For a few years, David Segal (aka The Haggler) of the NYT has been entertaining me with his tongue-in-cheek essays on seedy business practices. Every so often he features one of my favorite subjects: Word-of-Mouth Marketing.
My first post about it all:
The Brouhaha Over WOMM (2006)
My prediction: When it all comes out in the wash, WOMM will be the best thing to happen to (silly retronym ahead) traditional advertising. Pretty soon, consumers won't believe anybody - even their best friends. They'll realize that they receive the most honest and straightforward information about a product or service from a TV commercial, print ad, or product web site. At least we don't lie about who we are and why we're saying what we're saying … As far as all the claptrap about WOMM replacing advertising - people who are hawking that one have a slippery grip on history.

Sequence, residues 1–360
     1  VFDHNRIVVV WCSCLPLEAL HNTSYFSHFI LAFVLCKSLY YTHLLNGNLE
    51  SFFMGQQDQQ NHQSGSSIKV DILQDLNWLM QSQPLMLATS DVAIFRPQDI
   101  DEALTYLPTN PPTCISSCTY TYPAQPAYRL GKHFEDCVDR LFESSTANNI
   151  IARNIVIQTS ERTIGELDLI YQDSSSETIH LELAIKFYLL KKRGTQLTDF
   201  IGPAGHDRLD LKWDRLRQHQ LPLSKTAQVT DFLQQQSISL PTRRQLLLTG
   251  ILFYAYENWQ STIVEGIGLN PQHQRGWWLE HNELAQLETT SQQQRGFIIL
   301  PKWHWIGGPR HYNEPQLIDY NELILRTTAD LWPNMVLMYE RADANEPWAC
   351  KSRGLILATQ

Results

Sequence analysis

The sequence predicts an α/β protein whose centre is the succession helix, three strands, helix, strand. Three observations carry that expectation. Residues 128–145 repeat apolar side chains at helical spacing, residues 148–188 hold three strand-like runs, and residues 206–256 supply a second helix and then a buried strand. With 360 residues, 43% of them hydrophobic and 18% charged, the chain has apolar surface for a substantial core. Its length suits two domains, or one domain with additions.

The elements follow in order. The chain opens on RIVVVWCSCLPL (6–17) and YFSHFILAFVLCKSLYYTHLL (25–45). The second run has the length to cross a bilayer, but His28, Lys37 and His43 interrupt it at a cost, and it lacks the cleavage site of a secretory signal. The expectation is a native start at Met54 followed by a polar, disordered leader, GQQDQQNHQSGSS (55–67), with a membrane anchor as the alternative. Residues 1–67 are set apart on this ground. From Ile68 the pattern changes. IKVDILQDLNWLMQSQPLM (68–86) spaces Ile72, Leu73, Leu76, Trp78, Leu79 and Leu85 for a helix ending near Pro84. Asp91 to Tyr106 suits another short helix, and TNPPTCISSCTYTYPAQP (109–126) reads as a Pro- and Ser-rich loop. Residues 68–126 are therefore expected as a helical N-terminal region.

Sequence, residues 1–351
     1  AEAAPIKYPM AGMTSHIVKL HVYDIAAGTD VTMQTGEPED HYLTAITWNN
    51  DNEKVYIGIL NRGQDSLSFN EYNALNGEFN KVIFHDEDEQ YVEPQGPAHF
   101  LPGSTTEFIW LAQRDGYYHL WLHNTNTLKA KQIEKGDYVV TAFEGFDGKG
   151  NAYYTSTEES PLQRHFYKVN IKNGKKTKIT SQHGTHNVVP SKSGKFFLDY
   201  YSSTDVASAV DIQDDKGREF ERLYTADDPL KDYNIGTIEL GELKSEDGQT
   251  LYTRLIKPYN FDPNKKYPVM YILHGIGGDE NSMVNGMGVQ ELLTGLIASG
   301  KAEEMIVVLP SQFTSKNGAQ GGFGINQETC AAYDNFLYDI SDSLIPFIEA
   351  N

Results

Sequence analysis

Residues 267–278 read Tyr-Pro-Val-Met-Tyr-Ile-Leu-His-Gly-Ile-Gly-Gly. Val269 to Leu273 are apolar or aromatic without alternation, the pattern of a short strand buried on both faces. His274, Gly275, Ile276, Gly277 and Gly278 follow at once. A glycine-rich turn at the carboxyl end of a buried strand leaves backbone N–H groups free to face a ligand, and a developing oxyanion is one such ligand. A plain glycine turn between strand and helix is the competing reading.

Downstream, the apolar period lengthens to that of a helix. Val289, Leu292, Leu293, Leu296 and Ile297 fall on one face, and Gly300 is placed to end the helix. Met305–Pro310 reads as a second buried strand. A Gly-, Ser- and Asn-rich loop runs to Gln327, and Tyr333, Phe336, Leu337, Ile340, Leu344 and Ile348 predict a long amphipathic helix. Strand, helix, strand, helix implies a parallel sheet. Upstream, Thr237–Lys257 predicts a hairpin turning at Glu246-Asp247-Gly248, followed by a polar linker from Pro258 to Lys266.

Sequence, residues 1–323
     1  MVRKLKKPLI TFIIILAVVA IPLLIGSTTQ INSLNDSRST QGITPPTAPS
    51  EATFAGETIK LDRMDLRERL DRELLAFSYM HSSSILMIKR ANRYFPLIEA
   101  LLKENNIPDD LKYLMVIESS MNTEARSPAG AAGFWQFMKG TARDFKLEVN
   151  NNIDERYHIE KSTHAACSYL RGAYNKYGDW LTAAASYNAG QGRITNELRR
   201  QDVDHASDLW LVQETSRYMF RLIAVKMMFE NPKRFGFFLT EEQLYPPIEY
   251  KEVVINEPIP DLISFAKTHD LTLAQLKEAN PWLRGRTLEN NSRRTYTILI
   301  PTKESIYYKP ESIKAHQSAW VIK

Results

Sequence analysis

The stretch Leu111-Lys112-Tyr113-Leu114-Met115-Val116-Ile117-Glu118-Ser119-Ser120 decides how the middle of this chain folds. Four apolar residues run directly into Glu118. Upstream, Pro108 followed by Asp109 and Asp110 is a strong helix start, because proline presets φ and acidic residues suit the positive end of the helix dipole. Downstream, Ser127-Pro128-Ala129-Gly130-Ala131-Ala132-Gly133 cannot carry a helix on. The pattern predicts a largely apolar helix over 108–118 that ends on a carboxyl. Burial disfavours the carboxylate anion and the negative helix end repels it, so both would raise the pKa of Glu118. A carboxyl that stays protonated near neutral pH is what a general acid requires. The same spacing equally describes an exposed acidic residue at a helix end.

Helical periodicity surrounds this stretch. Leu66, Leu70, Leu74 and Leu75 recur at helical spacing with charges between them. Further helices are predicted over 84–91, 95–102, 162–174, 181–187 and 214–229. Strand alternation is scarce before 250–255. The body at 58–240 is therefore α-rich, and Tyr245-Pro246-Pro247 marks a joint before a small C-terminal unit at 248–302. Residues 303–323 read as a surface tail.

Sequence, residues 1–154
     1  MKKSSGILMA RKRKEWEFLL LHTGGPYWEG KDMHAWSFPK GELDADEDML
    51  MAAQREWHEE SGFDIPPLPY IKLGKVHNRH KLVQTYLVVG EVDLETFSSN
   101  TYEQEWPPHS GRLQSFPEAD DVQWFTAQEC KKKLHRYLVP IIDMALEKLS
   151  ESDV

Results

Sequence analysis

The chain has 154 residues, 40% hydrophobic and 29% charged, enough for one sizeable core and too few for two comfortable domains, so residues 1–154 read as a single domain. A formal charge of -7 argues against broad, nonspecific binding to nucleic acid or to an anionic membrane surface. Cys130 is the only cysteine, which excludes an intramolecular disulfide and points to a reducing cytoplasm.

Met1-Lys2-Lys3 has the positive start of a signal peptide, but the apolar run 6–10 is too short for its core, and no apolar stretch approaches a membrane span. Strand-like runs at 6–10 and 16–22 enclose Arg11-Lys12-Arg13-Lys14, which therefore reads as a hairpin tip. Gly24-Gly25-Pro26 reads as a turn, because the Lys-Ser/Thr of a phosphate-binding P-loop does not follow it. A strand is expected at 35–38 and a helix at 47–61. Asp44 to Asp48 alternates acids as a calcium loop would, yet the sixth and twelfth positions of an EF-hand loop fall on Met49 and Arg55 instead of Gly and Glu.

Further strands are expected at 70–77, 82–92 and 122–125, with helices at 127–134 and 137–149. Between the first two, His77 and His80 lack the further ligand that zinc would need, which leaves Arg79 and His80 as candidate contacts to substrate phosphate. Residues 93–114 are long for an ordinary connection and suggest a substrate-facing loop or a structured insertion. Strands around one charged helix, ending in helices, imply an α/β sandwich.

One more (there are at least a half-dozen):
Manipulation of the Crowd (2010)
As readers of this blog know, one of my favorite activities is WOMing WOMM…
The Haggler’s latest piece:
A Rave, a Pan, or Just a Fake?
A recent ad posted by “Katmoney” … offered to write convincing negative reviews posted to a Yelp page of your choosing.
A related incident on my blog:
My Blog Was WOMMed! (2008)
A comment showed up in my inbox. I moderate comments before publishing. Instinctively I knew it stank … Someone who works at the company left the comment - and here's the most egregious part - trashed their competition … This exemplifies the darkest of the dark side of WOMM.
Another good one:
Internet Hero of the Week (2009)
An uproar hit the Web over the weekend when it was discovered an employee at consumer electronics company Belkin had offered to pay people to write positive reviews for his company's products, even if they hadn't tried them … "Write as if you own the product and are using it," Bayard suggested. "Thank the website for making you such a great deal. Mark any other negative reviews as 'not helpful' once you post yours."